By Jonathan TranPham, reflect founder
Earlier in the week, I wrote a post with advice on how to deal with the anxiety caused by this long and tense presidential election. I assumed if we could just make it through, there would be light at the end of this Shawshank-esque tunnel of crap.
Boy, was I wrong. Instead of electing our first female President, America made history in an entirely unexpected way. Our nation got hit by a bus on Tuesday night, a bus that Donald Trump drove all the way to the White House.
Donald Trump will be the next President of the United States. Even as I type those words, I can’t muster the strength to say them outloud. Is this real life?
Given our reader demographic and location, I assume most of you were with me in being #withher. And you were probably with me this week in asking yourself these questions:
How did a man whose most notable foreign policy stance was a wall become President?
How did someone endorsed by the KKK and Putin rise to our highest office?
How did a man who’s unapologetically sexist and racist become the Leader of the Free World?
Then it hit me. Amidst my shock, I realized something: I was grieving.
WHAT IS GRIEF?
While we think of grief as being associated with the loss of a person, it’s much more than that. Grief can be caused by the loss of a lot of things: a job, a friendship, a romantic relationship, a personal dream. Or in this case, a collective dream.
For some, Trump’s victory represents the death of what it means to be American: one nation, under God, with liberty and justice for all.
For others, it feels like the loss of faith in our fellow man (and woman) to stand up for their neighbor and maybe even the loss of our personal safety.
And for many, it embodies the loss of the dream of finally shattering the highest glass ceiling -- a dream we shared with generations of women (and men) before us. And this defeat can make it feel like we’re losing them all over again.
It feels like something very dear to us has been taken away.
HOW GRIEF MANIFESTS
Regardless of your political party, each of us has experienced the loss of an election before. We usually chalk it up to the will of the people and move on. I volunteered for Al Gore in 2000 and found losing by 537 votes in Florida a very bitter pill to swallow. But I did, and I moved on.
This one feels different. This election is deeply personal -- for those on both sides of the ticket.
I’ve never seen the reactions we’ve witnessed this week. San Francisco feels hushed. I’ve seen people dressed in black and even crying publicly. Some walk around numb, while others filled with anger protest across the country. My Canadian friend visiting Boston likened the mood to a collective hangover. We are mourning.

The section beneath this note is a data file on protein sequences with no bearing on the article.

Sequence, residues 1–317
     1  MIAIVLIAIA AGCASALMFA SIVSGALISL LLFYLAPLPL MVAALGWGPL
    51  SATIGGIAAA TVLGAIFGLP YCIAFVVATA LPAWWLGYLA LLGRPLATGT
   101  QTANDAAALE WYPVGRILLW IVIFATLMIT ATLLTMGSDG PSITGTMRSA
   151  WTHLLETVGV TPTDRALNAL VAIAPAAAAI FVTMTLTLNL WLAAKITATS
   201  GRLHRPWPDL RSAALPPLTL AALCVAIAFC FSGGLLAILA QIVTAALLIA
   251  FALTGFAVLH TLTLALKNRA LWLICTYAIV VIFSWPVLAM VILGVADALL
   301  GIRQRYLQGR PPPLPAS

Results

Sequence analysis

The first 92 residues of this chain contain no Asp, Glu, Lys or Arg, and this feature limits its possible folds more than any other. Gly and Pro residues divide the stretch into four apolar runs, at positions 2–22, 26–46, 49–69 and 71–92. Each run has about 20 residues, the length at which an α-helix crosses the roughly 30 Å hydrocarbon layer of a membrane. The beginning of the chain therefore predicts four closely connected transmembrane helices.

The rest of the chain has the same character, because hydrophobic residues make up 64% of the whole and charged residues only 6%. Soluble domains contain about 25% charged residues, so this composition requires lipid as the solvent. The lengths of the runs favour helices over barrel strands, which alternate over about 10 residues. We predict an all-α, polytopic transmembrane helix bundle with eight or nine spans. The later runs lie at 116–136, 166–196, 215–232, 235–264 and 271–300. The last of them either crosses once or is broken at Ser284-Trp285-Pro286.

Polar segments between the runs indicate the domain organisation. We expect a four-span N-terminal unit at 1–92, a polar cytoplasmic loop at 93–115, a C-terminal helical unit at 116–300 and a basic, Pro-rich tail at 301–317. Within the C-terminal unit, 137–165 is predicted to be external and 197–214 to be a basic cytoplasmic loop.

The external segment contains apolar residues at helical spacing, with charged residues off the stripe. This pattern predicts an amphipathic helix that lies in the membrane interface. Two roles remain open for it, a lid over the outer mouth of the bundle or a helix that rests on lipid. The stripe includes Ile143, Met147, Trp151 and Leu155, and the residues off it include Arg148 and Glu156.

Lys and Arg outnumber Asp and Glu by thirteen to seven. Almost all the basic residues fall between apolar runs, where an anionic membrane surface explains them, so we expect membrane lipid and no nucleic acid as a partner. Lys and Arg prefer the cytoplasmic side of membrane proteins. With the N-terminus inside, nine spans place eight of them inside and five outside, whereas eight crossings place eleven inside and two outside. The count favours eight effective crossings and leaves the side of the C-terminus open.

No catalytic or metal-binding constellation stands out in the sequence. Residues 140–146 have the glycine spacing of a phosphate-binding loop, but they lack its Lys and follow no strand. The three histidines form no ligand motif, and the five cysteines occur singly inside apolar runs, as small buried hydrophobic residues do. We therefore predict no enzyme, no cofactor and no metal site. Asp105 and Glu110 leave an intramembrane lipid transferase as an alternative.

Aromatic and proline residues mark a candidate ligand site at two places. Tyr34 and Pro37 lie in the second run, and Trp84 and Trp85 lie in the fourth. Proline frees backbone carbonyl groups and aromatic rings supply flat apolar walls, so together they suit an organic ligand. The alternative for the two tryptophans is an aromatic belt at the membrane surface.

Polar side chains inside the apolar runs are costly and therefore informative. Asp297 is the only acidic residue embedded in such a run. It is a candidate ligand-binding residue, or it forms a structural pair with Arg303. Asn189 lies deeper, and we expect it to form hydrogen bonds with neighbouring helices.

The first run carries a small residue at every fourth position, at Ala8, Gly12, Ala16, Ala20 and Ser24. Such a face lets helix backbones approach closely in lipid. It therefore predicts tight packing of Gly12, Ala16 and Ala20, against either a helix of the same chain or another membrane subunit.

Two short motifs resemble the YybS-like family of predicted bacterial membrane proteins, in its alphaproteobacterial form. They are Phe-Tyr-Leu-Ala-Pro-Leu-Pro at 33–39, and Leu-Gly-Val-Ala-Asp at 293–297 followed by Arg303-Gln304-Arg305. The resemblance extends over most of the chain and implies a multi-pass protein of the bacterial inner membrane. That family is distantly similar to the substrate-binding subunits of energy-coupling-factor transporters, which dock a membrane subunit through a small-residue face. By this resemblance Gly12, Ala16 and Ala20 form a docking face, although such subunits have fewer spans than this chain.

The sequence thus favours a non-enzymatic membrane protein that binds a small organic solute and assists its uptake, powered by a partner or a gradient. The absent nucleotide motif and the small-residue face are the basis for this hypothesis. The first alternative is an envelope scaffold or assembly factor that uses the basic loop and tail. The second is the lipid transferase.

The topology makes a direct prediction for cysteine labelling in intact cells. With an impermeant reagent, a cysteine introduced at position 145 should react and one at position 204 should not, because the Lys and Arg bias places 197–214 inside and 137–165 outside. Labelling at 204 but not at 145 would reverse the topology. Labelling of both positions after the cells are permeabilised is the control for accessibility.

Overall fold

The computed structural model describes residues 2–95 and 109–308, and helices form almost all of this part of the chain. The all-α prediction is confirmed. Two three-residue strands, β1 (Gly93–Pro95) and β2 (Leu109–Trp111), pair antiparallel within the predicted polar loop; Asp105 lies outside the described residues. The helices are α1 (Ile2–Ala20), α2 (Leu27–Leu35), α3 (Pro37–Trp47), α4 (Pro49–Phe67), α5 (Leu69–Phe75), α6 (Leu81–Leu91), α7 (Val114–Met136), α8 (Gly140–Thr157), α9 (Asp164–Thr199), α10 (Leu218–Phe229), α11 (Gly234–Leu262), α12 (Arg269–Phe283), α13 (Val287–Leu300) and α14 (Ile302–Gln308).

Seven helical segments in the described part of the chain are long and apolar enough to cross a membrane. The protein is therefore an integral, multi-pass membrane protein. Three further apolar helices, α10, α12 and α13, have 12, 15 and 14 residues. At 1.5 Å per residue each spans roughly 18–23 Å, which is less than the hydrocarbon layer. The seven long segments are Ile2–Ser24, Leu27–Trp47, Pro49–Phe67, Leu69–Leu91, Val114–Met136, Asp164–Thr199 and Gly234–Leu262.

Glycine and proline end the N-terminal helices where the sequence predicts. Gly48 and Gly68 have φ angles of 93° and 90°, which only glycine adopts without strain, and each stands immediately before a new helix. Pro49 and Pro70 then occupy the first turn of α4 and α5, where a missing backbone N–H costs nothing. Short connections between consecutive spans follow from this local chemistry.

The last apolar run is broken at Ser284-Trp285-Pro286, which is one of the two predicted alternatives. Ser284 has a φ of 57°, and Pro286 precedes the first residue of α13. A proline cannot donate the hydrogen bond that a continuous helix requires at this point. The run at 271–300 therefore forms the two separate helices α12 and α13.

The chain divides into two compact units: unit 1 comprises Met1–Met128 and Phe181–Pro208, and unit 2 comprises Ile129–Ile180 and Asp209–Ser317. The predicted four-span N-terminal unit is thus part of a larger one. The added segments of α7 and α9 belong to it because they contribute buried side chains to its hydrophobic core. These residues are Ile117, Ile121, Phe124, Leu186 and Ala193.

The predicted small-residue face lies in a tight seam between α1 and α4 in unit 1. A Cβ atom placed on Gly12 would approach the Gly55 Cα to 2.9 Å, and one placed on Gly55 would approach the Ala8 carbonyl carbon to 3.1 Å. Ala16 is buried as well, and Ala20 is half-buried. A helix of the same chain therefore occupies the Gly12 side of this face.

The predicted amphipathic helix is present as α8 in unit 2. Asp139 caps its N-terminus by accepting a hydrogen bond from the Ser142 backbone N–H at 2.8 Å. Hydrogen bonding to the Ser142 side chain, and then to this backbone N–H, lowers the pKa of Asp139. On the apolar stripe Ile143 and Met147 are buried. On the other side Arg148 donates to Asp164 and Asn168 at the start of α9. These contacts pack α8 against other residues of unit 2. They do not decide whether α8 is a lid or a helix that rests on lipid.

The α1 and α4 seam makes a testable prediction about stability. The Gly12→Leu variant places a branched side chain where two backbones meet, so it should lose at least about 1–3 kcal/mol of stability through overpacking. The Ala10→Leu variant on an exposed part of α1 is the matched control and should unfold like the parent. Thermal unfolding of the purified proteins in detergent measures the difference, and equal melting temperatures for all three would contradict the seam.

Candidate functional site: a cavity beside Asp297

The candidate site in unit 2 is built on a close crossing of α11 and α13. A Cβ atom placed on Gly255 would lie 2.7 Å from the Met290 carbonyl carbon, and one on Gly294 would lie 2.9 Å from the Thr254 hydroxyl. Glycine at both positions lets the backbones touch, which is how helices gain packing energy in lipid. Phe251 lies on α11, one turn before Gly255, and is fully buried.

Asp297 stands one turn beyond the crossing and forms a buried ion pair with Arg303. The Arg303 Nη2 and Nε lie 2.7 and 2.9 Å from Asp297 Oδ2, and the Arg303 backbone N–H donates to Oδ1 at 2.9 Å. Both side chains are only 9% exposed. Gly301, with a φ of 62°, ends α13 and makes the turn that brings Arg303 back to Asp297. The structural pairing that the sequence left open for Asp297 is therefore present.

Joan Didion in her book The Year of Magical Thinking said, “Grief turns out to be a place none of us know until we reach it.” In many ways that’s exactly how we feel, even if we don’t exactly know how or why we are feeling it. For many, including myself, this was an unexpected loss and therefore an unexpected grief.
FIVE STAGES OF GRIEF
Elizabeth Kübler-Ross in her 1969 book On Death and Dying described the stages of grief and mourning that are universally experienced by people all over the world. She didn’t have a national election in mind when writing, but her findings are surprisingly applicable.
These five stages don’t always occur in a linear order, and the pace with which we go through them varies. We may find ourselves moving from one stage to the next and even back to a previous one, until we ultimately to come to terms with our new reality. Processing happens most healthily if we can acknowledge and understand the meaning of those feelings.
Mourning is completely natural and necessary, but you can also take small steps to deal with grief -- whether about the death of a loved one, a breakup, or a national election.
Dr. Sadie Phillips, reflect’s head of therapy, has compiled some useful advice to help you move through the stages of grief in a healthy way:
Ultimately, grief leads us to a place of healing where we’re able to internalize the loss and move on. As much as we’re hurting now, I know we, as a nation, will endure. The American spirit is resilient and strong -- even in the face of hate. We overcame a Civil War and two World Wars. I am sure we will find a way to learn from this hard chapter in our history and improve America for everyone.
WHAT IF WE CAN’T MOVE ON QUITE YET?
Grief -- whether about a death or an election -- can linger unexpected and start to hinder other aspects of our life. This can manifest in loss of appetite or sleep or social isolation and can have a major impact on our health and wellbeing. If you feel like you’re having trouble moving through grief despite these tactics, talking it out with someone can help you understand and process your feelings in a healthy way.
If you’re interested in starting the conversation about the election, other grief you may be experiencing, or any other changes in your life, click below to get matched to one of our experienced practitioners and try three for free.
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